Sickle cell disease (SCD) is a serious debilitating chronic illness and global health problem. Spirituality and religiosity have been shown to have positive correlations with their health outcomes. Research addressing the spiritual and religious needs of adolescents living with SCD is limited.
The aim of this descriptive qualitative study was to examine how adolescents (Mage = 16.2 years) with SCD describe and experience spirituality and religiosity. Nine adolescents completed two semi-structured interviews. Sickle Cell Disease Interview Guides were developed using the Spiritual Development Framework developed by Benson & Roehlkepartain (2008) as a guide. The framework provided a foundation for conceptualizing the spiritual element of human development. Sickle Cell Disease Interview Guides were used to elicit information on adolescents' beliefs, spirituality, and religiosity. Participant Demographic Forms were completed by each adolescent and used to collect information regarding their demographics, SCD histories, and religiosities. Parent Demographic Forms were completed by each parent and used to collect information regarding parents' demographics and religiosities.
Data were analyzed using a template analysis style and a concurrent analysis process of data reduction, data display, and conclusion drawing/verification. The Spiritual Development Framework was used as a guide in constructing components of the analysis template. Adolescents verbalized their thoughts regarding their spirituality and religiosity. The adolescents believed that religiosity is personal, meaningful, and should be respected. Four main themes emerged to include: spirituality and religiosity as coping mechanisms, shaping of identity, the influence of beliefs on health and illness, and the expectations for health care providers. The theme spirituality and religiosity as coping mechanisms included six threads: interconnecting with God, interconnecting with others, interconnecting with creative arts, scriptural metanarratives, transcendent experiences, and acceptance and finding meaning. The theme expectations for health providers included two threads to include: religiosity is private/personal/communal and sharing spiritual and religious beliefs is risky.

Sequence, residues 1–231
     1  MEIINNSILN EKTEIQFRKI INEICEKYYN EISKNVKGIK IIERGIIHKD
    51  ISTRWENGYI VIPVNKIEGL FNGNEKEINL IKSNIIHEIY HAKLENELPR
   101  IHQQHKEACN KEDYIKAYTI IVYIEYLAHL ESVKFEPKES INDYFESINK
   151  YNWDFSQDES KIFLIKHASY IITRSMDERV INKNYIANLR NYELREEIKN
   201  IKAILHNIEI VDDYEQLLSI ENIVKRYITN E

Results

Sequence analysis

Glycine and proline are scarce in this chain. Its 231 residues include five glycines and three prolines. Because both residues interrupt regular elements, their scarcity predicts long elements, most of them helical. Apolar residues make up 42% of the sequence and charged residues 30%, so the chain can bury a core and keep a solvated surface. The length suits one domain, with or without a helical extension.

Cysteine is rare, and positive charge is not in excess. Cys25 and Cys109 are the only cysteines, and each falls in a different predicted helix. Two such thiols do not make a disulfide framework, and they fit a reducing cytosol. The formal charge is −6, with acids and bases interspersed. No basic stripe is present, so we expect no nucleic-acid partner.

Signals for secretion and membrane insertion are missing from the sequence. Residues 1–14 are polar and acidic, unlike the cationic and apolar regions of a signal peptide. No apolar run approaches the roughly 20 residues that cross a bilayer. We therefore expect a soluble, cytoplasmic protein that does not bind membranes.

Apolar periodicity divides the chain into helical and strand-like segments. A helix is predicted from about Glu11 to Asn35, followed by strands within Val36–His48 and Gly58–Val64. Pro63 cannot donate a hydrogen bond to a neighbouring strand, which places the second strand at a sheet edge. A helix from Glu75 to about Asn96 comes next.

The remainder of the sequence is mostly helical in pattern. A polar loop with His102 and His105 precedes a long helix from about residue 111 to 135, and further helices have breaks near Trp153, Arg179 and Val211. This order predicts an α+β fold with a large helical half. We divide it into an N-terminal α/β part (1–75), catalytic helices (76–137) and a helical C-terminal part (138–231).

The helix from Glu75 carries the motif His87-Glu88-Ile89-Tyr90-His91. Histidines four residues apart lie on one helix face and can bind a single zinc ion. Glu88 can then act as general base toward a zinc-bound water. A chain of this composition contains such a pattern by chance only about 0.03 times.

The current study examined spirituality and religiosity as described and experienced by adolescents with SCD. The current study highlights the role of spirituality and religiosity in an age-specific population living with sickle cell disease. Exploring spirituality and religiosity may lead to innovative interventions improving quality of life.
|Commitee:||Belknap, Ruth Ann, Schaefer, Jame|
|School Location:||United States -- Wisconsin|
|Source:||DAI-B 75/08(E), Dissertation Abstracts International|
|Keywords:||Adolescents, Pediatric, Religiosity, Sickle cell disease, Spirituality|
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